Rachel Morris

 I have been working as a civil engineering contractor since I graduated from Leeds University in 1996.

I went into engineering as I have always loved architecture and the built environment that we live in. Although I did start off dreaming of being an architect, I found a niche in the practical ‘on site’ side of restoration of historical buildings and structures in London. The complex temporary structures and controls required to retain a 100 year old façade whilst demolishing and re building the rest of the structure provides plenty of engineering challenges. No two days have ever been the same, and now, having worked in tunnelling, stations, bridges, Grade II listed structures, new office and residential buildings I relish the diversity of projects I have worked on and what I am able to take on next. 

I had my first child in 2003 and returned to work a few months later working 3 days a week. At first I was carrying out an essential quality and safety support function, but very soon returned to the engineering function and the project engineer role, Having already reached this grade before leaving on maternity leave, I was confident that I could provide this role on 3 days a week leaving me  precious time with my baby. I was gradually given more complicated projects to engineer and built up some considerable responsibility. Now in 2015, I have 3 children, and maintained 3 days a week until the youngest started school this September. I am now working 4 days a week with some flexibility around the school run.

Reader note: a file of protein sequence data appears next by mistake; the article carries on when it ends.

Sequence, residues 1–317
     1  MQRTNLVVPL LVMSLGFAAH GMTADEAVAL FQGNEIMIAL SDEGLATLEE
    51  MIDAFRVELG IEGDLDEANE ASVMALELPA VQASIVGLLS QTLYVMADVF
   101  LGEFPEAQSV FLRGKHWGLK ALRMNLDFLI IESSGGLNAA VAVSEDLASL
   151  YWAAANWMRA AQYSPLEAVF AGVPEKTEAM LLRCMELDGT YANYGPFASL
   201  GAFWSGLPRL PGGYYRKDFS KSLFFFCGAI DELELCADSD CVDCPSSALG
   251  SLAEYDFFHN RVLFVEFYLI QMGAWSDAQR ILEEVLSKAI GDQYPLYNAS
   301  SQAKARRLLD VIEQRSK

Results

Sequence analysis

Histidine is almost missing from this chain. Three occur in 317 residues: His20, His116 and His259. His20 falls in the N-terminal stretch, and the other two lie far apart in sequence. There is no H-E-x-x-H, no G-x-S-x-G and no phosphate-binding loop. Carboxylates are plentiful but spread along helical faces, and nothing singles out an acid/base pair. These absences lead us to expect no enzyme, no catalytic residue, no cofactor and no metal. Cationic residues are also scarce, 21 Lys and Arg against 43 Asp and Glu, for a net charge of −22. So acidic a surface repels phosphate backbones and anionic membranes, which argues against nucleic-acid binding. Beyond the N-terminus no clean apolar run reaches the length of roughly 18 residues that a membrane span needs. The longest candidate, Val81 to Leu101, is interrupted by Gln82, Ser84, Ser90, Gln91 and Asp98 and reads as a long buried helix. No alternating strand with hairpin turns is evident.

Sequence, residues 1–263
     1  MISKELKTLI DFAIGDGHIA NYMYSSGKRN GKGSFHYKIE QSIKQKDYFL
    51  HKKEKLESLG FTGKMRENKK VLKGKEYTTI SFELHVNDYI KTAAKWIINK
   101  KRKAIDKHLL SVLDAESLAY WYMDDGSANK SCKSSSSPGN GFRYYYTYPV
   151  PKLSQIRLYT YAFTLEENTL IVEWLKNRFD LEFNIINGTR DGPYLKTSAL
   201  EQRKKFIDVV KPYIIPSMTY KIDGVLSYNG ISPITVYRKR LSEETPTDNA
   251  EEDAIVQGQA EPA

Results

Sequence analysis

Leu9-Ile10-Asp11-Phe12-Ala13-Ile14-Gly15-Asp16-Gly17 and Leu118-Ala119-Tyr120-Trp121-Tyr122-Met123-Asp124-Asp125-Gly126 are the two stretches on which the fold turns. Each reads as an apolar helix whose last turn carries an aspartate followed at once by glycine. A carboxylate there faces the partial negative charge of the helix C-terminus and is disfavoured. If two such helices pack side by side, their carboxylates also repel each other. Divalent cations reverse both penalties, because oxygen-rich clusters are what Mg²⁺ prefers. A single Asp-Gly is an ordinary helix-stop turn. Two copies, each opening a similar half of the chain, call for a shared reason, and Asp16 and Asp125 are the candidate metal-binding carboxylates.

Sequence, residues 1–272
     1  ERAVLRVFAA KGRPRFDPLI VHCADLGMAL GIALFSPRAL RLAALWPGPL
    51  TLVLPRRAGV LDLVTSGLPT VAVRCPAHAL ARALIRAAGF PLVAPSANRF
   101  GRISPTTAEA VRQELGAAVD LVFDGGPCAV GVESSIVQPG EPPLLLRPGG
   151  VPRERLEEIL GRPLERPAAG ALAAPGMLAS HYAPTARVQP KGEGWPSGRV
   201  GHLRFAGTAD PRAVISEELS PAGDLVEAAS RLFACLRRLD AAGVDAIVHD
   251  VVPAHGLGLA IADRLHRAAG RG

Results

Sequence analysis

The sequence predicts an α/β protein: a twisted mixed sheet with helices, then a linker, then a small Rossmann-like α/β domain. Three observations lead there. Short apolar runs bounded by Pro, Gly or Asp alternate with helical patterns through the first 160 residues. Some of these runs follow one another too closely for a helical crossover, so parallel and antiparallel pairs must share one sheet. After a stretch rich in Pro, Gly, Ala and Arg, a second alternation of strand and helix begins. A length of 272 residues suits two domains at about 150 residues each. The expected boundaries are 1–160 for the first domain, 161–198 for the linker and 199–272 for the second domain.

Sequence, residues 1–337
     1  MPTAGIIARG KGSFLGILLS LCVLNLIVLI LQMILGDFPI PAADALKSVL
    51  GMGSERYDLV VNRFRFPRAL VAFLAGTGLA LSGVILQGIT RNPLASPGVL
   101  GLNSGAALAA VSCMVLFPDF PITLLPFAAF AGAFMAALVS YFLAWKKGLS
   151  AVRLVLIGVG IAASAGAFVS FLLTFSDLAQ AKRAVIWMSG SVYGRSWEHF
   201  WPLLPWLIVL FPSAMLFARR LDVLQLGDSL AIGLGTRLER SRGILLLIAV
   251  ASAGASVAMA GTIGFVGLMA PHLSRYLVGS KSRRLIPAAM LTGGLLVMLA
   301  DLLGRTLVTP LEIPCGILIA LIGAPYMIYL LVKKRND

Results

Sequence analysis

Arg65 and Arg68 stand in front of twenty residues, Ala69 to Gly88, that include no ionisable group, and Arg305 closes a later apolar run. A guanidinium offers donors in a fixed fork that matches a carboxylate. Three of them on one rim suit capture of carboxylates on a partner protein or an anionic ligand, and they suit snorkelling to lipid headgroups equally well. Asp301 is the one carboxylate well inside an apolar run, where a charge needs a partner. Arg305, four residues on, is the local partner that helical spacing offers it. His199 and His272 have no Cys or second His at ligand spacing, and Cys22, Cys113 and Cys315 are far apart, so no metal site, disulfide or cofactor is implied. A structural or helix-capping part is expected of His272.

As an engineer, I do like to analyse details of design. What I enjoy most is trying to work out the exact methodology and logistics required to build each element of a structure, or indeed how an existing structure can be demolished. There have been many times when I have sat at home, having tucked the kids up, then studied drawings with red felt tip pens carving out a sequence or looking for improvements in a proposed construction method. 

The main message that I want to convey is that I have had an amazing time with a tough, exacting, stressful and rewarding job in civil engineering that I have balanced with raising my family. I appreciate that this was a path that I chose, but I would love to see many more women choosing something similar. In construction you get to work with such a great diversity of people. Some utterly impossible and others a complete joy. All the time, the engineering – Where should we locate the crane? How tall should we make it? Can we prefabricate to make a process safer on site? How will the building services interface with the structure and the architectural finishes? How will we achieve the quality in the specification? Can it be achieved at all? continues to challenge me.